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PostPosted: Wed Mar 19, 2014 12:52 pm 
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Location: Alcamo-Sicily-Italy
Tom Kirkman wrote:
Unfortunately, you live in a country where it appears your government believes it has a responsibility to protect you from yourself. We're getting more and more like that here, but not yet to that extent. Natural selection still weeds out the numbskulls here, and I am happy that I still have the freedom to be a numbskull if I wish.

That's is true, the reason of that is based on the reasoning that if you don't care about your life and you safety, you will be a cost for the government in case an accident occurs, and this gives them the right to be responsible on your behalf.

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Biagio


Last edited by Blasius on Wed Mar 19, 2014 2:17 pm, edited 2 times in total.

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PostPosted: Wed Mar 19, 2014 1:17 pm 
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Location: sarasota,fl
maurizio :
I own a 2012 Tandem Island and there is a CE plaque in front of the front mirage drive. With a 'D' classification

Image

I'm assuming all boats leave the factory with that plaque installed.

My TI has a 'D' CE certification (you outline the CE classification correctly). CE certifications are not enforced in the US (but in my opinion are pretty good safety guidelines)


In the US they have what they call small craft advisory, which is issued if the winds are over 20 mph and the waves are more the 3 or 4 ft (I'm not sure of the exact rules). Whenever a small craft advisory is posted by the weather service all small craft must return to shore (seek sheltered water).
Also I believe the US coast guard frowns heavily if you take a small craft more than two miles off shore without the proper safety equipment on board (they have the guide lines on their web site).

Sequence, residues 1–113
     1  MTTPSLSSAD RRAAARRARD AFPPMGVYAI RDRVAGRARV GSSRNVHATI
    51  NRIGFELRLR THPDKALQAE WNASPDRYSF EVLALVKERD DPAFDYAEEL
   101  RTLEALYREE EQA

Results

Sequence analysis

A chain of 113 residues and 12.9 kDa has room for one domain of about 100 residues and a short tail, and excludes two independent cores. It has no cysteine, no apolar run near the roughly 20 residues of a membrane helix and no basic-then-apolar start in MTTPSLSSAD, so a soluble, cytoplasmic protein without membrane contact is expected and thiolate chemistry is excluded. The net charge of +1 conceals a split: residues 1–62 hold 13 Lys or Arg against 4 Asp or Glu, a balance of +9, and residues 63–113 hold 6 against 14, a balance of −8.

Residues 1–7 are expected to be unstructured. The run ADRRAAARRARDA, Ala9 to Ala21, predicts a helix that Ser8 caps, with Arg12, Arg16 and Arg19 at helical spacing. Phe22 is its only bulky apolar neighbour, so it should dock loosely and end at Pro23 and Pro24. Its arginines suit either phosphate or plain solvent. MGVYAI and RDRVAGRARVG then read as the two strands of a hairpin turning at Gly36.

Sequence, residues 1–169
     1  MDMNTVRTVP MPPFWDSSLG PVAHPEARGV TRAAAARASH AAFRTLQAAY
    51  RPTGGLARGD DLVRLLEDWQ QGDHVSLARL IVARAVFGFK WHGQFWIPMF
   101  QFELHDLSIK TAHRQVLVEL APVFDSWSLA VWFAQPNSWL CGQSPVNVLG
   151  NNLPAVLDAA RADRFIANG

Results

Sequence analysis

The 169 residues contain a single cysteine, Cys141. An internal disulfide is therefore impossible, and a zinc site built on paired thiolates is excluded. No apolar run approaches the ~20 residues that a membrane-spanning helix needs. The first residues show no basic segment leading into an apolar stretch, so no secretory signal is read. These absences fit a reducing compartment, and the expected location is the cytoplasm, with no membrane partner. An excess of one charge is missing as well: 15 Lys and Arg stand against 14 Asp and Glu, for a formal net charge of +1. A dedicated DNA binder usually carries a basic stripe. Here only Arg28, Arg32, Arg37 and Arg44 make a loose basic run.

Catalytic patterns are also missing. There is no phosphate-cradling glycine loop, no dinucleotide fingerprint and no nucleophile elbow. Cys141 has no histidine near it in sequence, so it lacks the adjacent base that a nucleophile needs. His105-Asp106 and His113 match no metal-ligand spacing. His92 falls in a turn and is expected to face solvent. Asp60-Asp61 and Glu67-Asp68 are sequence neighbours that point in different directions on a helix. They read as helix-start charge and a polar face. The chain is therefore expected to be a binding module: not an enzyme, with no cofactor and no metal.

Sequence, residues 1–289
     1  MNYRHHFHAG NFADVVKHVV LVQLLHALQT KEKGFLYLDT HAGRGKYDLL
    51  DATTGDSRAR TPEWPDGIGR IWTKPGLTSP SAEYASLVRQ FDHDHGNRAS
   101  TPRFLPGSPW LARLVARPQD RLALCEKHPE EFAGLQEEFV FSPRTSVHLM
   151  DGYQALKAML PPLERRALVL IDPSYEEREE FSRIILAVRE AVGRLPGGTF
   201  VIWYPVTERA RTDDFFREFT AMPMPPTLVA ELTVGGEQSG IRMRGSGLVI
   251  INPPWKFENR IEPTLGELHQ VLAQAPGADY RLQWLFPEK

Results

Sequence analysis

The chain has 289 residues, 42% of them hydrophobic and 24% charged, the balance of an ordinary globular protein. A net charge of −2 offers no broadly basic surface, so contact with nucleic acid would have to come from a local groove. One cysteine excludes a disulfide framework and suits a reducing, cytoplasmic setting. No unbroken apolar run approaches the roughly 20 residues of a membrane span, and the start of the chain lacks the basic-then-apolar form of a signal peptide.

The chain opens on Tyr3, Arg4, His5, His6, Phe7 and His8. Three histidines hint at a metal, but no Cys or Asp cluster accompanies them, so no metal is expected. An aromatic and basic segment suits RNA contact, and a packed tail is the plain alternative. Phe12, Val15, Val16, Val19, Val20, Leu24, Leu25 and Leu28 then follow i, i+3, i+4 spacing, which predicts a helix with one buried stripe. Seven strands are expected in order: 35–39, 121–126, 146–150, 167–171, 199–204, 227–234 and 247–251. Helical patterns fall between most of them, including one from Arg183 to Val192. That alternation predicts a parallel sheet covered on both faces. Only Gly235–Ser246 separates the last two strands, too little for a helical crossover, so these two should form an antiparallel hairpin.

I know in my area (gulf coast and the Florida keys) pretty much anywhere I go is heavily patrolled by the coast guard and local authorities, and if they see anything unsafe or out of the ordinary they will force you to shore. I've had quite a few patrol boats come up to me while out on the water, but have never been asked to return to shore, I suspect most of them just want to check out my cool boat ( LOL).

Perhaps the CE plaque was removed for a reason, if your offshore in Europe and get pulled over if there is no plaque displayed, they wouldn't know what the actual classification of your TI is (because there is no plaque), so they would probably leave you alone. I suspect that's the reason it may have been removed....
Bob


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PostPosted: Wed Mar 19, 2014 2:12 pm 
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Location: Alcamo-Sicily-Italy
Regarding the CE plague I think there was a misunderstanding, I checked in my AI (2011) and the CE plague is there, and the "D Category" is reported as well.

So please let's continue the discussion referring to the initial post and anybody please remove any reference to the missing CE plague.

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PostPosted: Wed Mar 19, 2014 3:52 pm 
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Location: Forster, NSW, Australia
Unfortunately, it does seem that you are restricted to using your Island within the limitations of category "D".

To be quite honest, my regular use of my own TI would probably be at least 80% within those limitations, sailing on my local 74km2 lake, but I would think that almost every single time I sail into the ocean, the wave height would be greater than 0.5mm.

While I firmly believe that I am much safer in the TI compared to the typical powered runabout, with my three sealed hulls, wide beam and furling sail, I can (reluctantly) see why an Island is classed as category "D".

Maybe getting that visa isn't such a bad idea! :D :D :D :D

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Tony Stott
2012 Tandem Island "SIC EM"
www.scenefromabove.com.au